A Black mother in Michigan was shocked and disappointed to learn her 10-year-old son is facing assault charges for injuring a student during a schoolyard game in April.
On July 24, Cameishi Lindley received a call from Wayne County Juvenile Court that her soon-to-be fifth grader, Bryce, is being charged with aggravated assault over the incident, 7 Action News reported.
Lindley explained the game her son was playing is similar to dodgeball except students throw the ball in the air.
"These kids are basically playing a game we all have played," Lindley told the local news station.
On April 29, Bryce was playing the game at Ruth Eriksson Elementary in Canton when an unidentified student was struck in the face with a ball. That student's mother told 7 Action News her son has a medical condition that makes head injuries especially dangerous.
According to the police report, Lindley’s son intentionally threw the ball at the boy's face, causing him to suffer a concussion.
“He sustained facial tissue damage to his face. He had a black eye and a bruised nose," the other parent said told 7 Action News.
Bryce was suspended from school for one day and Lindley thought the situation was over.
“I couldn’t believe it," Lindley said regarding the charge. “This is a kid that was playing on the playground with his friends,” she added.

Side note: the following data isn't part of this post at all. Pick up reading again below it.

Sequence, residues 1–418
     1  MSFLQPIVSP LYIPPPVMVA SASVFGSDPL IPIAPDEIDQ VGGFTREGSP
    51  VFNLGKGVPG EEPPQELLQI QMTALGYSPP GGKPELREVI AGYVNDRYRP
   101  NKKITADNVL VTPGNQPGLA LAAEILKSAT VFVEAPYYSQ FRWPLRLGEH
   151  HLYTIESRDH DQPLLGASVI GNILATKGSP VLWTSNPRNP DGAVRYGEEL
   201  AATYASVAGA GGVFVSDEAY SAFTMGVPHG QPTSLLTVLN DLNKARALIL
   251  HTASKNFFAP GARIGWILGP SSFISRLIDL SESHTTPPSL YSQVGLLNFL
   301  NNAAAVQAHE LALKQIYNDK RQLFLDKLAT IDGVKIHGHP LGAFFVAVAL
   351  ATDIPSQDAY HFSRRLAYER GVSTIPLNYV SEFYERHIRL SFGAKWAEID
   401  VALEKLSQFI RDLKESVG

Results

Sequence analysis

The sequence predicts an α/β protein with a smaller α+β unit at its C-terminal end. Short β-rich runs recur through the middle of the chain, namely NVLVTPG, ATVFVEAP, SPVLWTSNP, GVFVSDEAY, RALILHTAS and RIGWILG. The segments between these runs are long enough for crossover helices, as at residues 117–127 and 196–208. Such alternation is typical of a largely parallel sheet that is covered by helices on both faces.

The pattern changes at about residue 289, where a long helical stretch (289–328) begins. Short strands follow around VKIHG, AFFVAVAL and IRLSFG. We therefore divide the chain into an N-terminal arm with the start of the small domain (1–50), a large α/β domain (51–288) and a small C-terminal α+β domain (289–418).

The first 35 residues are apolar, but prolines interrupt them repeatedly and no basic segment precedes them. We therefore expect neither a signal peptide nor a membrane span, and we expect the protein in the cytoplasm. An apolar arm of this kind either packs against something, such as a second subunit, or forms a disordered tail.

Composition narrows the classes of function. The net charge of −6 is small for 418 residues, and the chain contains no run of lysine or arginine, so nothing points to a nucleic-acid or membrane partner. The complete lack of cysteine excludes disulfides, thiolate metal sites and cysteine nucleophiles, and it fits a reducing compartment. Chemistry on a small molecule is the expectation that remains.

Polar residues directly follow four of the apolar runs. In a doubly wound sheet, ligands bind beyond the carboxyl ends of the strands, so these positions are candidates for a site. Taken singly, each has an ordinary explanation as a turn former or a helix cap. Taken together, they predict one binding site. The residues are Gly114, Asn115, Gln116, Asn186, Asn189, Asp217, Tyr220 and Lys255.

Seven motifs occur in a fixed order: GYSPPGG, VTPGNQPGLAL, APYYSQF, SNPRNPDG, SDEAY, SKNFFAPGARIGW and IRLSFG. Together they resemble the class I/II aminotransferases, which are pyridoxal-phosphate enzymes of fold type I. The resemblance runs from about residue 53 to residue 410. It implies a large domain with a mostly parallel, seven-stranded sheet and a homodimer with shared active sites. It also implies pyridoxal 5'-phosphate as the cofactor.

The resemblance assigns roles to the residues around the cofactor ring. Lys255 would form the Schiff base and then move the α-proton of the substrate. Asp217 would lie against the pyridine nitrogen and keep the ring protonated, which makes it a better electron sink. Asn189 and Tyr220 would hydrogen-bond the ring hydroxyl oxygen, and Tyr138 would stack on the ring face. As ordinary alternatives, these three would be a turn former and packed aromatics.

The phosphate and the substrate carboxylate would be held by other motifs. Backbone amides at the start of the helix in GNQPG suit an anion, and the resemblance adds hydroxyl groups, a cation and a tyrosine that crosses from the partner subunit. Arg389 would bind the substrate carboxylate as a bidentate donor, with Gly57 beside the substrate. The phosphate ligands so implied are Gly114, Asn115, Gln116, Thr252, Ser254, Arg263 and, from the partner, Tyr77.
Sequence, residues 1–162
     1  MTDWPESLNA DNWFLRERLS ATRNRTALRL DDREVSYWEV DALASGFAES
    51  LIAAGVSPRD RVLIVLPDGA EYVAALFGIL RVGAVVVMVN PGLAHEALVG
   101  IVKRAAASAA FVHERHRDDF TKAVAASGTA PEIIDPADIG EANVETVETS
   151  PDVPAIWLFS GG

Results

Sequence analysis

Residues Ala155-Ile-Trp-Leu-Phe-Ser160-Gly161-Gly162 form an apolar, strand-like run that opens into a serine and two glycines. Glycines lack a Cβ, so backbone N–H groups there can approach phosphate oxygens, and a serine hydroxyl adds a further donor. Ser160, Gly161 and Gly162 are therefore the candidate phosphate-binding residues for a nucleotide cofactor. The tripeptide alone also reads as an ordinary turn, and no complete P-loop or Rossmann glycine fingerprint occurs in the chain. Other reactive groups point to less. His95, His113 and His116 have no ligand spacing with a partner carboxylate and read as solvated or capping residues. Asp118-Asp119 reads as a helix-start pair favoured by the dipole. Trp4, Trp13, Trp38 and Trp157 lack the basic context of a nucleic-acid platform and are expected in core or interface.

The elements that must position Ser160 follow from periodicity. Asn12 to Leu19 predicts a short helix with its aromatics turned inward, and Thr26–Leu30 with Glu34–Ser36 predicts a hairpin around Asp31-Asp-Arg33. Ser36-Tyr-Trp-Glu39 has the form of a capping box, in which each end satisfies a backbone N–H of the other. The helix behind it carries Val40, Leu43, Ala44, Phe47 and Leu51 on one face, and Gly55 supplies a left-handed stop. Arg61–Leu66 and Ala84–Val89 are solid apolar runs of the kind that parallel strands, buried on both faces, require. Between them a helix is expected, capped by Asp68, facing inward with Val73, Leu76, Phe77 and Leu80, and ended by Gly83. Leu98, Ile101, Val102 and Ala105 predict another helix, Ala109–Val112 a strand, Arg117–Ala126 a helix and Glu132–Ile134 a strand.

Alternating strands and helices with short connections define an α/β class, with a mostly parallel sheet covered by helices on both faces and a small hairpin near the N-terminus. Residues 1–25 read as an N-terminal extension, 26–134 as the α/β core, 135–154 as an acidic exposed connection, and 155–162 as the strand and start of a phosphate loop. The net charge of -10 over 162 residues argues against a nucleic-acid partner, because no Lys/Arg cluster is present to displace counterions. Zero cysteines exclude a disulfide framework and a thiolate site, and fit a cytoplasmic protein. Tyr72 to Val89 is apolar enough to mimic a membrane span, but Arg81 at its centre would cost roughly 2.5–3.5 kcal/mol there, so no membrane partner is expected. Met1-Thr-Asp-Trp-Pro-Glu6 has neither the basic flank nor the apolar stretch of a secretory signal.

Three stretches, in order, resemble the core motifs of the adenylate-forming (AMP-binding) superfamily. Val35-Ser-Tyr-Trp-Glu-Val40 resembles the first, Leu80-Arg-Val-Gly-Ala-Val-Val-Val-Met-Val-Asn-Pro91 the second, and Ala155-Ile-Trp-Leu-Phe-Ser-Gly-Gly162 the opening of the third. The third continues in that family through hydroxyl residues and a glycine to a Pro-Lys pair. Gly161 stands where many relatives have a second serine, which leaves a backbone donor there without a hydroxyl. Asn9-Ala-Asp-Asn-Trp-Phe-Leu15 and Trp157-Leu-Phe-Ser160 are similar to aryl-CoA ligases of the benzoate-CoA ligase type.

The victim’s mother said her son has experienced similar incidents at school before.
“I tried not to let it get to this point," the other boy's mother told 7 Action News.
The mother of the boy said her son had been targeted during games before, and that she reported it to the school in mid-April.
“My son was hit twice in the face with a ball previously due to this. The child apologized to my son and my son said, 'Mom, it’s OK, we’re still going to be friends.'"
Lindley said she and Bryce were not aware the victim has a medical condition.
“I am unaware of any of those situations," Lindley said. "I’m sorry that her child got hurt. I’d be sorry for any child that got hurt.”
Lindley wishes this particular incident could have been handled at the school instead of in court. She also believes the child should not have been playing the game if he was particularly susceptible to injuries.
This case will go before a judge in Juvenile Court August 1 for a pre-trial conference.
Lindley has created a fundraiser to help pay for her son's legal fees.